Conversely, in Vanishing Realms, if you look down at your waist, you have a number of backpack slots to select from. These slots categorize your inventory into "type." There's a bag for miscellaneous items like a torch, a pick, an apple, etc; a shield bag, for . . . um . . . a shield; a melee weapon bag; a ranged weapon bag; and a magic weapon bag.  What's interesting in this system is that swapping is a bit complex. Sometimes you actually have to stash items before you select new items.

Looking down at my waist to view the inventory in Vanishing Realms

It made me start thinking about how I'd love to find a VR game that elegantly solves the RPG inventory issue. I guess when I compare both Vanishing Realms and OrbusVR to the procedural dungeon crawl of In Death Unchained, the answer really is to keep inventory as bare and minimal as you can when it comes to VR. 

For instance, if you find a new type of arrow in In Death Unchained, you slot it invisibly into your bow where you can store 4 different types of arrows. That's it. Outside of that, there really is no inventory.  Gold is just automatically put into your backpack and there's nothing else to worry about . . . no keys or torches or anything. aka Keep It Simple Stupid (KISS) philosophy.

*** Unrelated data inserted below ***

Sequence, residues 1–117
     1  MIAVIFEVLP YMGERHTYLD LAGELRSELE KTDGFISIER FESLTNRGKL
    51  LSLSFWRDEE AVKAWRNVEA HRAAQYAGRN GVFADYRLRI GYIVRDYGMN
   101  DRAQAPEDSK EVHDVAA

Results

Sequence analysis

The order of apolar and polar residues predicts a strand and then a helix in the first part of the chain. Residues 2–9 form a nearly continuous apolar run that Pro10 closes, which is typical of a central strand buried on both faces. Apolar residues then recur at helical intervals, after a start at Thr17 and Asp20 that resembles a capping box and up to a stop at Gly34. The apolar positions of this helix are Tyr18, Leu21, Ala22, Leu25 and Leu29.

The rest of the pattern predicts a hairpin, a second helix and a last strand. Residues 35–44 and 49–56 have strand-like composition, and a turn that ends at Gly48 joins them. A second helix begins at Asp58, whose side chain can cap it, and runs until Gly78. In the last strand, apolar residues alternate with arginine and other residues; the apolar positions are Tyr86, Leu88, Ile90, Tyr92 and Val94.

Four Types of Arrows, Some points, and some gold . . . that's it. KISS.

The one thing you lose with a system like that of course is that MMORPG people just like hoarding and collecting stuff, lots of it, and they want it accessible at any time in any location.

I have to say that sloppy UIs that pop up in a virtual space leave me with a bad taste in my eyes. Poor OrbusVR with its chat dialogs popping up and overlapping quest completion notices. There was a wacky, running chat box floating all the way up in the air at a hard to read angle. I don't know. It felt like if there was a case study for what NOT to do with UI in a VR game, OrbusVR would be on that list. 

Just one example of the confusing Mess of UI in OrbusVR